OIT performs routine maintenance on servers and systems every Sunday from 8 a.m. to noon. Many IT services may be offline intermittently during this time. Network access and computing resources availability (Banner, E-Learning, Exchange server, etc.) may also be affected. Since this is a low-usage period, fewer UA customers will be impacted. For questions, contact the IT Service Desk at (205) 348-5555 or email@example.com.
Building a Basic web site
No matter how you plan on building your web site, you need to know some basics about the way Web pages are put together. In a nutshell, HTML files are text files that tell the Web browser what to display. Unlike word-processed documents, pictures remain as separate files from the text.
Before you begin your web site, you need to know how the files used in Web pages interact with each other. An excellent resource for this information is the HTML Source: Basic Links. Also, Human Resource Development offers classes. (Call 348-9700 for information or check the online schedule.) Once again, students should check the course catalog for Web page classes.
Once you understand how the different files will interact to make up your web site, you are ready to start building it! Most people will build their site on their personal computer and then upload it to their bama account or another Web server. The first thing you should do is to create a directory on your personal computer to contain the site. You can have subdirectories of the main directory, but two things should be true:
- Your main web site directory and its subfolders should only contain files that are part of your site.
- All of the files that will be part of your site must be in the main web site directory or one of its subfolders.
If you aren’t entirely sure how to accomplish this, that is a sure sign that you need to learn more about files and directories. Do not underestimate how important this skill is.
After you have set up your directory, you are ready to build your page on your own computer. There are two approaches to the HTML editing process. One says you need to do the HTML coding by hand, which is not as difficult as it might sound. The other approach says that that isn’t necessary, just use one of the many WYSIWYG (pronounced Wizzy-wig: What You See Is What You Get) HTML editors available. Many serious Web page programmers (professional and otherwise) use a combination of the two methods.
HTML coding does offer some advantages. It is cheap; all you need is a text editor like Notepad or SimpleText. It offers ultimate control, which can result in smaller, more flexible pages. On the other hand, using a Web page editor can be faster for some tasks, and it doesn’t require an extensive knowledge of HTML. However, many editors create bloated (overly large) HTML code that will make your page take longer to download, and the code may not work with all browsers.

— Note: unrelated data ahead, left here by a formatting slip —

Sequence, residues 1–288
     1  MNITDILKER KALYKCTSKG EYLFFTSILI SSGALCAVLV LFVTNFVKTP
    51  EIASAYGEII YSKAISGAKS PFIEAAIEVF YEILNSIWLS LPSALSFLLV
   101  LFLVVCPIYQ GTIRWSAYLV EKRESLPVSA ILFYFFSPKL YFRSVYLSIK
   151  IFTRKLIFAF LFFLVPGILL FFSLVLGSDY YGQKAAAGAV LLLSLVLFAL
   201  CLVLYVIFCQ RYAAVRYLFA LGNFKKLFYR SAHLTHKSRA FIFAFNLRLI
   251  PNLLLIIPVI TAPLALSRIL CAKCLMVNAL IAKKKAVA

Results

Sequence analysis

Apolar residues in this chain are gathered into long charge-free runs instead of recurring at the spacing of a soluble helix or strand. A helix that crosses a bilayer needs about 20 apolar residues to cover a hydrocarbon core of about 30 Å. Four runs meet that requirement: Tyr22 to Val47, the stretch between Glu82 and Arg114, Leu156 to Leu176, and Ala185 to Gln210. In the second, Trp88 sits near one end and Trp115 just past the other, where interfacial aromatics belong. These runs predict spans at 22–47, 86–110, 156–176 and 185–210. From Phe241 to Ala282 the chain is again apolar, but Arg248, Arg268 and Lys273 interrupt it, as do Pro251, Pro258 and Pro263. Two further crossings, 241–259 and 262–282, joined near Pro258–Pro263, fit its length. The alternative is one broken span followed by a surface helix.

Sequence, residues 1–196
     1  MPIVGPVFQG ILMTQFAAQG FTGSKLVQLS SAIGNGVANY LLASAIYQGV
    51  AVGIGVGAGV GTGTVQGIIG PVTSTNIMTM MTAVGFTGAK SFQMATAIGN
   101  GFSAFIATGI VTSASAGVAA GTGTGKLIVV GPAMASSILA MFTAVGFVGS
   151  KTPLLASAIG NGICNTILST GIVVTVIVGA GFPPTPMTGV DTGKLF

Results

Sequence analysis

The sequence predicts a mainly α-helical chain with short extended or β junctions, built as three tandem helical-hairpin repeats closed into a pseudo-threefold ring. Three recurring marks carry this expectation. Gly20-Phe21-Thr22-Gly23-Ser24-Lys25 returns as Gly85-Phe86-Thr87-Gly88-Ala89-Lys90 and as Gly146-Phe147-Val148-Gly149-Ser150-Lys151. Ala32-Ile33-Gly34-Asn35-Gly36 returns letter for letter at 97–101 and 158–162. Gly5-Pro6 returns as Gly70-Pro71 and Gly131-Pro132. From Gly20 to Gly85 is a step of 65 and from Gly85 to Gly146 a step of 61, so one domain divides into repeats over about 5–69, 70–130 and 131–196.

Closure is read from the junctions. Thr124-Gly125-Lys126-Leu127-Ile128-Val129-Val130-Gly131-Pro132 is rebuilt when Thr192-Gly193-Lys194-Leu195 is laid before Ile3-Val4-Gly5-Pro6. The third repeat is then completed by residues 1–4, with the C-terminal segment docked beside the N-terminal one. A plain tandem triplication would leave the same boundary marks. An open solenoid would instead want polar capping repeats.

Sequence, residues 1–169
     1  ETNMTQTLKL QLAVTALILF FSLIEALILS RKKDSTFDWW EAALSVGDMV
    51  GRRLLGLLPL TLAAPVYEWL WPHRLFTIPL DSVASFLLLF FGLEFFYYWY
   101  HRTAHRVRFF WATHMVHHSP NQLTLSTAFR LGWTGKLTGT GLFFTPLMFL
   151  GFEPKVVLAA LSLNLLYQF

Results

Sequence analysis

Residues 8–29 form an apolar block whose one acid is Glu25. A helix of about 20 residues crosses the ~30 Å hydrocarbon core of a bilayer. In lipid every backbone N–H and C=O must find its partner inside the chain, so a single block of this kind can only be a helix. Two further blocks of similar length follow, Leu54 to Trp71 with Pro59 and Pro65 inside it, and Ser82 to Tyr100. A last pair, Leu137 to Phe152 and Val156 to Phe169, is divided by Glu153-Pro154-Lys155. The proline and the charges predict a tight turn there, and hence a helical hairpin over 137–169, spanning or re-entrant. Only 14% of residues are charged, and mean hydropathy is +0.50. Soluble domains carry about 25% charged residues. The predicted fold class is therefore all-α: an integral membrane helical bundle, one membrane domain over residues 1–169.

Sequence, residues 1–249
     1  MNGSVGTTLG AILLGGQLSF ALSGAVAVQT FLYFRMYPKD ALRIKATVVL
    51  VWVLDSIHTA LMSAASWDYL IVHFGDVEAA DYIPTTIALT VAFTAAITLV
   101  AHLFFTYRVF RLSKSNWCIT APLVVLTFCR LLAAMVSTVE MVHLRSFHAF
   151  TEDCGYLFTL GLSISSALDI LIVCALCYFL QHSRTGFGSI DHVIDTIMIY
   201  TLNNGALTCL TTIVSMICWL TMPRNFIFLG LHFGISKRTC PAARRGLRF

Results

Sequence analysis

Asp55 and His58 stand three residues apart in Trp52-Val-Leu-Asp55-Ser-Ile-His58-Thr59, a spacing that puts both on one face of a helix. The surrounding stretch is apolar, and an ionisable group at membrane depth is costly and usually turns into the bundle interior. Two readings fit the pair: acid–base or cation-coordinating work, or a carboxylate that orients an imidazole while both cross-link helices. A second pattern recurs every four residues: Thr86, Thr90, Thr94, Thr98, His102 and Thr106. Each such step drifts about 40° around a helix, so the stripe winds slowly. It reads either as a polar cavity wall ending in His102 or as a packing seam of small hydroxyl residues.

A combination approach is the most flexible. HTML knowledge can make you more productive in almost any editor, plus troubleshooting pages (“why doesn’t it look the way I want it to?”) becomes much easier. Also, it will allow you to implement features in your pages that your favorite editor may not support.
Resources for learning HTML:
- w3schools.com provides an excellent introduction to HTML, very good for beginners.
- HTML Goodies: Check out the HTML Primer. Once you are more familiar with HTML, you might want to check out the tutorials on such topics as tables, forms, frames, etc.
- W3C’s HTML home page: The World Wide Web Consortium’s site for HTML. While this is not the best way to learn HTML, it is a great place to look up particular tags.
WYSIWYG HTML Editors
The HTML editor currently supported by the IT Service Desk is Macromedia Dreamweaver. Macromedia Dreamweaver is available in the SUPe Store as part of the Adobe Creative Suite 4 available for an academic price of approximately $199 (either PC or Macintosh), (the suite also includes Fireworks, Flash, InDesign, PhotoShop, Illustrator, and Acrobat 9 Pro).
As you create your site, make sure that you save it all (including any graphics files) under the main Web directory you created earlier. Don’t put any spaces in your file names. You may want to use underscores ( _ ) or dashes ( – ) instead. Many Web servers, including bama, are case sensitive, so keeping all of your file names lower case will make things easier.
Each Web server has a particular name that is required for the home page. If you are going to publish to bama.ua.edu, name your home page index.html or index.htm (or index.shtml if you are using server-side includes) in your main Web directory.